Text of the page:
In Defense of Intolerance

Jesus said, “I have not come to bring peace but the sword.”

Today in the Gospel of Luke  Jesus said that He didn’t , in fact, come to bring peace but division. That we could expect that parents would be set against their children and vice versa and we shouldn’t be surprised when that happens. Just yesterday our readings at Mass re-echoed the theme of ‘peace’ at least a dozen times. So how are we  to understand what God is saying to us here? Did Jesus indeed come to bring peace on earth, as the angels told the shepherds the night He was born, or does the Word (Jesus) divide sharper than any two-edged sword, as Scripture tells us elsewhere?

The answer is Yes. As with most teachings of our Faith, the answer is both/and, not either/or.  Yes, Jesus came to bring peace, the peace that passes understanding. This is not a peace to that can be equated with the ‘tolerance’ that passes for peace that this world has to give. Like everything else that isn’t from God, the world’s peace is a facade, a fake peace.

We’re told to just simply get along, don’t rock the boat, keep our mouths shut and, at all costs, don’t get Aunt Jane all riled up at Thanksgiving dinner. Then there will be peace. No, then there will be quiet, which is not always a bad thing! But there will not be true peace. What eventually results from tolerance is a veneer of peace, which is fool’s gold. Like ignorant miners, we believe that being tolerant means that we have pockets full of the gold which is peace when, in fact, all we end up carrying around is resentment and bitterness spray painted with enough tolerance to make them shiney.

In his famous Peace Prayer, St Francis of Assisi prays that “where there is hatred, let me sow love. Where there is injury, pardon. Where there is doubt, faith. Where there is despair, hope.” None of those requests include tolerance because St. Francis knew, as every saint knew, that what Jesus said in Luke’s Gospel today is true. The only way to the true peace that made the angels sing is through the agony of calling hatred, injury, doubt and despair by their real names. Once we debride a wound, healthy tissue can grow. If the infection in the wound is simply covered up, no healing will occur. In fact, the wound will get worse. By refusing to call sin by its correct name, the our infected souls rot.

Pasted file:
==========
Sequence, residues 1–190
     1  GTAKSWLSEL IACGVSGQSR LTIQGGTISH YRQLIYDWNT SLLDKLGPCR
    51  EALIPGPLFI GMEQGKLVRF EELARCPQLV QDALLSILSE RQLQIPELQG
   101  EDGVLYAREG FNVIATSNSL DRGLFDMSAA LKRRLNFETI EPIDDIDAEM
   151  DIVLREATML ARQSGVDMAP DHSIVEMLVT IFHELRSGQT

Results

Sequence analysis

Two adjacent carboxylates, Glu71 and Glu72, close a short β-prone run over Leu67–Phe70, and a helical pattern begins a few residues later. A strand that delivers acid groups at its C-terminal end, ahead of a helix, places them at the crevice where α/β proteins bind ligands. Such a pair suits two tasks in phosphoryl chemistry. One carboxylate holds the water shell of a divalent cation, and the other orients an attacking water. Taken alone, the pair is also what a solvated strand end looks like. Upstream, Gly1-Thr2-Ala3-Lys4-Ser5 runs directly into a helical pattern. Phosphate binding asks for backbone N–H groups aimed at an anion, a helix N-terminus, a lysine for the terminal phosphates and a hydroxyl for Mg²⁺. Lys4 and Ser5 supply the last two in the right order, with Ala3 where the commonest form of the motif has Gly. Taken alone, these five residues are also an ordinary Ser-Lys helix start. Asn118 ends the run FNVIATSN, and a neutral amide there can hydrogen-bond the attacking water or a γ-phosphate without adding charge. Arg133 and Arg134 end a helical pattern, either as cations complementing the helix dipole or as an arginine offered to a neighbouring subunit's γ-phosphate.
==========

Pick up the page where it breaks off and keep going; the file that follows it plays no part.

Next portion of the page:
What we understand on a physical level seems incomprehensible to most people today on a spiritual level.  In order to obtain true peace, we will need to look deeply into our own souls and homes and churches and debride the infections of self-satisfaction, resentment and fear that we’ve allowed to fester. Once we admit and confess our hatreds and doubts and despair, we are in a position to allow Jesus, who is our Peace as St Paul says, to heal the wounds we have and, eventually, we will possess the Peace the world cannot give.

Until then, all we have to give is fool’s gold.


About thereserita

Happy Catholic seeking to share that happiness with others.
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3 Responses to In Defense of Intolerance

  1. Pingback: SUNDAY AFTERNOON EDITION | Big Pulpit

  2. qathy says:

    You are so correct. The last time I taught about forgiveness, someone asked, “But what if he doesn’t deserve forgiveness,” because this person thought that forgiveness meant saying, “It’s okay.” Sin in any form, hateful words, selfish acts, physical abuse, or whatever, is not okay, but in God’s grace, it can be named and the poison it injects into relationships can be pulled out, or as you describe it, the infection can be debrided. We name the horror, we give it to God and his grace, and we forgive. The world will never be better until we can do this. God doesn’t tolerate our sin; in Christ, through his death and for his sake, at inestimable cost, God forgives our sin. He doesn’t practice tolerance, and he doesn’t ask us to be tolerant. He asks us to love people, tell the truth, and forgive them.

  3. Pingback: A Tale of Two Widows: The Widow of Zarephath and the Widow’s Mite | St. John

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